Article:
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An Idea Run Amok

Worries about 'gray goo' are misplaced, the originator of the nanotech term now says

July 26, 2004 | A version of this story appeared in Volume 82, Issue 30


In his classic tome on nanotechnology, "Engines of Creation," K. Eric Drexler, founder of the Foresight Institute in Palo Alto, Calif., envisions how molecular manufacturing could transform the world in ways both beneficial and troubling. As part of that vision, he outlined the "gray goo problem": that self-replicating machines, designed and built to reproduce in nature, would run amok and devour the world's resources.

Ironically, what Drexler says he did not imagine when the book was first published in 1986 was how this notion of gray goo would run amok, growing beyond Drexler's original suggestion and dominating popular perception and policy discussions of molecular manufacturing.

It may be a highly speculative scenario, but out-of-control nanobots have proven to be irresistible plot points for best-selling authors, screenwriters, and video game creators. Even though a gray goo apocalypse is pretty removed from reality, especially when considering current nanotechnology research, Drexler's critics say that the hypothetical scenario could frighten away funding and support for nanotech.

"Not only have people been excessively worrying about gray goo, but people have been worrying about people worrying about gray goo," says Chris Phoenix, director of research at the Center for Responsible Nanotechnology in Brooklyn, N.Y. "Gray goo, almost from the beginning, has been a misunderstanding," he explains. The idea that molecular manufacturing could be "one 'oops' away from a disaster has never been accurate."

To clear up some misconceptions, Phoenix and Drexler recently wrote an opinion piece titled "Safe Exponential Manufacturing," which deemphasizes gray goo and attempts to refocus the dialogue about the future impact of molecular nanotechnologies [Nanotechnology, 15, 869 (2004)].

"Runaway replication is well within the realm of physical law, but building a device able to behave that way would be a deliberate and difficult engineering task, not an accident," Drexler says. "There is no technical or economic reason to build anything remotely resembling a runaway replicator."

From a practical point of view, Phoenix and Drexler contend, molecular manufacturing systems will be no more capable of running wild, replicating, self-organizing into intelligent systems, and eating people than a desktop printer is. To function, molecular nanofactories will need programming and raw materials. Stopping them will be as easy as pulling the plug on the power supply.

A more likely and worrisome scenario, Phoenix and Drexler argue, would be molecular nanotechnologies designed as weapons. Among other things, they say, nanofactories could be used to make vast quantities of lethal or environmentally destructive products.

"In the U.K. in particular, recent fears about runaway replication scenarios have hampered serious policy discussion and diverted attention from more pressing issues," Drexler tells C&EN. He and Phoenix hope that by putting the gray goo myth to rest, they will be able to open a dialogue examining the real technological and strategic prospects that molecular manufacturing has to offer.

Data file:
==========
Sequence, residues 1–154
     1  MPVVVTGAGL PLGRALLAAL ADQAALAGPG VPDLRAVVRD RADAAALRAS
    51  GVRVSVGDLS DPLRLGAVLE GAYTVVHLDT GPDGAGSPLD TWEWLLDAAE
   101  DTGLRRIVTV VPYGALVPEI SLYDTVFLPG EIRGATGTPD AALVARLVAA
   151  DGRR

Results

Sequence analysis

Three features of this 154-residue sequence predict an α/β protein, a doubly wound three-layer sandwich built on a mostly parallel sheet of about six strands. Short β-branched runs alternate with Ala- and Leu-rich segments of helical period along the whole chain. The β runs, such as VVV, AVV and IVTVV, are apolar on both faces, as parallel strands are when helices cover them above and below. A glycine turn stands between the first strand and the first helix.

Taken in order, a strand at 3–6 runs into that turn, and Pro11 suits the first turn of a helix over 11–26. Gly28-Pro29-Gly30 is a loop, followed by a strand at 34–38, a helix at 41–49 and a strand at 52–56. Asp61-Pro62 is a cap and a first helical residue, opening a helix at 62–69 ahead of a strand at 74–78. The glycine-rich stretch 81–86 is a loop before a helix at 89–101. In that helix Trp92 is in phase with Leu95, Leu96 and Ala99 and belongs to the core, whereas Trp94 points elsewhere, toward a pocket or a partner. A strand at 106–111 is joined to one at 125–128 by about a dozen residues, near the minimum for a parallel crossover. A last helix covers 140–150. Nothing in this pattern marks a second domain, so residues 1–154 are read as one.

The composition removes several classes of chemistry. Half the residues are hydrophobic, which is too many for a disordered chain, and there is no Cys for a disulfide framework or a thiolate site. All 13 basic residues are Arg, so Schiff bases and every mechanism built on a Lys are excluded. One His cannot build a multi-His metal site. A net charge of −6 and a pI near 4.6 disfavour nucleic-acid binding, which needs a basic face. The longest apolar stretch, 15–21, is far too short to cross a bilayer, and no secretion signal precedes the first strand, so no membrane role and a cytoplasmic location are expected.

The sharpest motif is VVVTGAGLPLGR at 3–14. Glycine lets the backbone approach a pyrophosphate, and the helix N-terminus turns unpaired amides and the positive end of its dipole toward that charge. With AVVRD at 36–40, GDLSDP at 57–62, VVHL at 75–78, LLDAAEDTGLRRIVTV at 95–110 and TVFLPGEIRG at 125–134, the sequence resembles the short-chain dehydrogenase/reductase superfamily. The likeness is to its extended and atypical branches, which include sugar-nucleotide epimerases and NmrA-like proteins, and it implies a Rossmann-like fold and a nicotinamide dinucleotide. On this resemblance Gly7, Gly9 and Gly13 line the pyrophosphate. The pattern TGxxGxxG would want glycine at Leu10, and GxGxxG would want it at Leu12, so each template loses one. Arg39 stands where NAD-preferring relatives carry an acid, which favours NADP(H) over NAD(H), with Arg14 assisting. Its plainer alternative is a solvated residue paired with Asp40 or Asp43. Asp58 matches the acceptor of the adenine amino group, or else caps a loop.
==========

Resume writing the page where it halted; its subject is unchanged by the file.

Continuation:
The paper, which appears in a journal published by the London-based Institute of Physics, has managed to garner attention from the popular press in Britain. Drexler also wrote "You Have Been 'Gray Gooed,'" a more accessible opinion piece that appeared in the June 18 issue of London's The Times Higher Education Supplement.

But recalling the nanobots--even hypothetical ones--might not be so easy. Gray goo is a sticky metaphor, an image that won't be easy to erase from the public's imagination, according to David Rejeski, director of the Foresight & Governance Project at the Woodrow Wilson International Center for Scholars in Washington, D.C. "You can't treat social and cultural memory as if it were a hard drive that you can just wipe clean," he says.

Anyway, Rejeski isn't certain that the gray goo scenario is actually such a bad thing. "The scientific community has a responsibility to think about things that seem inconceivable," he argues.

He admits that, for nanotechnology, there are more pressing issues to be dealt with in the near term--for example, determining the safety of nanoparticles currently in use. But he adds, "I'd hate to see us take longer term risks off the table, because these are important for us to deal with, too."

Rejeski also notes that trying to play down the gray goo scenario may actually prove counterproductive. Instead, he says, to the public, it could look as if Drexler is trying to hide something. Rather than working to downplay the warning of gray goo, Rejeski suggests that the scientific community develop metaphors for the beneficial aspects of nanotechnology that capture the public's imagination as powerfully as gray goo.

Visionaries seeking to create such a metaphor might even take a cue from Drexler and tap into the allure of alliteration. "Several people have asked me, if I could turn the clock back 20 years, what would I do?" Drexler writes in The Times Higher Education Supplement. "I still think it would have been irresponsible to describe the benefits of nanotechnology without addressing the potential risks. I would, however, have chosen a less appealingly alliterative term than 'gray goo.' If a similar scenario had been named 'deliberately engineered dangerous self-replication,' it would have had a lower profile."



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